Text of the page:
Home Affairs Minister Malusi Gigaba, whose idea of the promised “review” of the controversial new immigration regulations appears to be more a case of “no concessions”. Hardly an open-minded approach.
Public Protector Thuli Madonsela, for making contradictory statements in court papers on the extent of her powers, which will be leapt upon by the ANC in its bid to undermine her office and protect its leader.
President Jacob Zuma was simultaneously the direct cause and a bit player in the chaos that overwhelmed his state of the nation address last week, but to make no reference to it at all was just weird. And that malevolent chuckle!
EFF MP Floyd Shivambu, for warning that next time the speaker tries to evict his party’s representatives from Parliament, “we will be armed”. Said in the heat of the moment, perhaps, but still completely unacceptable.
Durban mayor James Nxumalo, for having the courage to continue with the city’s bid to host the 2022 Commonwealth Games despite the current depressed economic environment. Rather that than the Olympics.
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Water Affairs and Sanitation Minister Nomvula Mokonyane, for hiring 34 Cuban engineers at R50m a year, when there are hundreds of qualified and unemployed South Africans who could do the job.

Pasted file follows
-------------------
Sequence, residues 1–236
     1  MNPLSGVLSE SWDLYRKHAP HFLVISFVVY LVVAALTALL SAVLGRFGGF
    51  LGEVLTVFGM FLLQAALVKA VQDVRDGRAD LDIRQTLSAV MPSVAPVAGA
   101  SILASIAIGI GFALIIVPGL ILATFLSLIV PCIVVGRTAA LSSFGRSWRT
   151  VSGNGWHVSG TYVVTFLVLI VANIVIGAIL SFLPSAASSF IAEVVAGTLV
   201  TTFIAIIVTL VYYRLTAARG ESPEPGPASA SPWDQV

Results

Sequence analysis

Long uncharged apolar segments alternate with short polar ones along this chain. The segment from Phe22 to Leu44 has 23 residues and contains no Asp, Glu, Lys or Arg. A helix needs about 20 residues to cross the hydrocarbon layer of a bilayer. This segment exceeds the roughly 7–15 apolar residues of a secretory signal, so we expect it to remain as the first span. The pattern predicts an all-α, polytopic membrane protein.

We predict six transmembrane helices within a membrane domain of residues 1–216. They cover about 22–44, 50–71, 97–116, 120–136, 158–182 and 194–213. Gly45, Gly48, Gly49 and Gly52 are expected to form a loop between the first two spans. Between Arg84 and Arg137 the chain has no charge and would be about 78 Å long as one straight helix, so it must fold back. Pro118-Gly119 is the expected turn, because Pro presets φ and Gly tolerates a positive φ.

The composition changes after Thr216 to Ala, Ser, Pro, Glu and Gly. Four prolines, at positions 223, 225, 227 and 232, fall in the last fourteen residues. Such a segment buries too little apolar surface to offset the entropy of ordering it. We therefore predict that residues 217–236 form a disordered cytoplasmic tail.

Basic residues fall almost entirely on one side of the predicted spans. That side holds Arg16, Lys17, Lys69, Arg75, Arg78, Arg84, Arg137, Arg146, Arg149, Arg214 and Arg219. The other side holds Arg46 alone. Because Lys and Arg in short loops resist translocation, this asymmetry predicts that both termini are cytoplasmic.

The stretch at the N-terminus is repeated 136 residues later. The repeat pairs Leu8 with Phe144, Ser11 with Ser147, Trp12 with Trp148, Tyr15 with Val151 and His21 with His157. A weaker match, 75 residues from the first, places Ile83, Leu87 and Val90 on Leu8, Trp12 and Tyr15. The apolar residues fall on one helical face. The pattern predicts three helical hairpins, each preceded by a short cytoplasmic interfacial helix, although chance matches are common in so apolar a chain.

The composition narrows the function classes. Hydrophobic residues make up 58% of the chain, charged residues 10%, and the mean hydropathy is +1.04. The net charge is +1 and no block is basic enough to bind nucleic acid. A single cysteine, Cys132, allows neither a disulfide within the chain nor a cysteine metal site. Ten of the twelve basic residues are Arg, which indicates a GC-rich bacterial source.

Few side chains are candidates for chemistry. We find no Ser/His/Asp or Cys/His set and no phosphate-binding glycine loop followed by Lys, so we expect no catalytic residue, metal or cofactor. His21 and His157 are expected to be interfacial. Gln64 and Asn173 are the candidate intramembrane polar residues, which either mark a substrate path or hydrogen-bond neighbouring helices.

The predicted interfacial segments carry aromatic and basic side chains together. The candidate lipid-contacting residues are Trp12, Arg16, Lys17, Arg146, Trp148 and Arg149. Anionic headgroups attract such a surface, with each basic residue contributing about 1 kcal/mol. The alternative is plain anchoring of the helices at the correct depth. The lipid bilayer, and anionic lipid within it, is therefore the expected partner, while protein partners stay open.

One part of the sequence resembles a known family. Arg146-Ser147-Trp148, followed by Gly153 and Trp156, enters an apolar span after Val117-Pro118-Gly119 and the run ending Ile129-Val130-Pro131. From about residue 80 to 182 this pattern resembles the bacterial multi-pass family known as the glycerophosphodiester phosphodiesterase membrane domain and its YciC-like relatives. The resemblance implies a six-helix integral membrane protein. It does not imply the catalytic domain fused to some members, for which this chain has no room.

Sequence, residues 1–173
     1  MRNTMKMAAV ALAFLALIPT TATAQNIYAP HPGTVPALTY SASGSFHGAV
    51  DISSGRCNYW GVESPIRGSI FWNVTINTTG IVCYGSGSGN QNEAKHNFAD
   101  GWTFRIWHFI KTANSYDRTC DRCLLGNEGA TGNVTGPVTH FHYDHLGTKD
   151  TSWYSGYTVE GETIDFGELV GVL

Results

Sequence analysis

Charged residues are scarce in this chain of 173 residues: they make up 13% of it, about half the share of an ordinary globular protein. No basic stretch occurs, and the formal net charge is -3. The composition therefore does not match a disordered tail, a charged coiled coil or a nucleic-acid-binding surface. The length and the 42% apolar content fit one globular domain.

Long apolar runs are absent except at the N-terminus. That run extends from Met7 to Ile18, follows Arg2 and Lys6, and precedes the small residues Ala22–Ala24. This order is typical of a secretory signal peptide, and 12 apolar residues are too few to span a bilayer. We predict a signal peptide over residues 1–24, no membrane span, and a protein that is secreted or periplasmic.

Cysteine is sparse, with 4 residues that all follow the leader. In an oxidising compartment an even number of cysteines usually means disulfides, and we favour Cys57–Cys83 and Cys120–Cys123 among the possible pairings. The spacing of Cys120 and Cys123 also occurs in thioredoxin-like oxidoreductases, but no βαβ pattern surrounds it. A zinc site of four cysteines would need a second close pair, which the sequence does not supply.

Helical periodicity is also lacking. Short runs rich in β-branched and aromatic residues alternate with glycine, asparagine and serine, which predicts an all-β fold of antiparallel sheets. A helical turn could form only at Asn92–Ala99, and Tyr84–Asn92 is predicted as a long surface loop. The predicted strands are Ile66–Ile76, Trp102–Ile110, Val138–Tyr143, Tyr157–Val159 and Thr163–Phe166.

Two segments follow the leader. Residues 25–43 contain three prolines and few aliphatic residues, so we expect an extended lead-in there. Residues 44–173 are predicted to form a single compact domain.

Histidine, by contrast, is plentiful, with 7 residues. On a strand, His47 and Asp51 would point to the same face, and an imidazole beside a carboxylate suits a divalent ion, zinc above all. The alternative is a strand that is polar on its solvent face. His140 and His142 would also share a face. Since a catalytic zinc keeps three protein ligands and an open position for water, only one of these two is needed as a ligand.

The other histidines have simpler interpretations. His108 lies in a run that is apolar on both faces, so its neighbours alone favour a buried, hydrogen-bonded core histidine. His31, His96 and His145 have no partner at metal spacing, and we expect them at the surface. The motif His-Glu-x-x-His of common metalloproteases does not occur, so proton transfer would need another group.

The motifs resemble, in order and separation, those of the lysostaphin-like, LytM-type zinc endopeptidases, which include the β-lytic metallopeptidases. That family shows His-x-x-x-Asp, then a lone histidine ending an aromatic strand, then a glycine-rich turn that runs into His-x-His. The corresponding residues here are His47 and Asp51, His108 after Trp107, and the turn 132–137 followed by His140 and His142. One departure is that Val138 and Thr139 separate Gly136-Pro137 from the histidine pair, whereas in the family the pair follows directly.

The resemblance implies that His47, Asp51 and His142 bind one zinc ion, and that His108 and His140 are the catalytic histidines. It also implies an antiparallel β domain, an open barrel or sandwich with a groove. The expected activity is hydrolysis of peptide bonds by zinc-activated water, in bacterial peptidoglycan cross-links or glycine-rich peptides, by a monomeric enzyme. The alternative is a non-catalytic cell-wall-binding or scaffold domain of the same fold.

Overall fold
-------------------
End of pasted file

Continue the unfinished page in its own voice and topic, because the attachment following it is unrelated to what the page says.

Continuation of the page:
Finance Minister Nhlanhla Nene, who made the best of a bad hand with a holding budget that may just do the trick if economic growth starts to pick up. That’s a very big “if”, of course, with many a slip twixt cup and lip.
Israeli Prime Minister Benjamin Netanyahu, whose credibility on the issue of Iran’s nuclear ambitions has been badly undermined by Mossad spy cable leaks showing that he lied blatantly to the US Congress.
Environmental Affairs Minister Edna Molewa. For her reprieve on new minimum-emissions standards. Under the circumstances, companies — even dirty ones — need all the help they can get.
Gauteng Premier David Makhura, for putting infrastructure development and economic growth at the forefront of his state of the province address. All the right noises, now let’s see how implementation goes.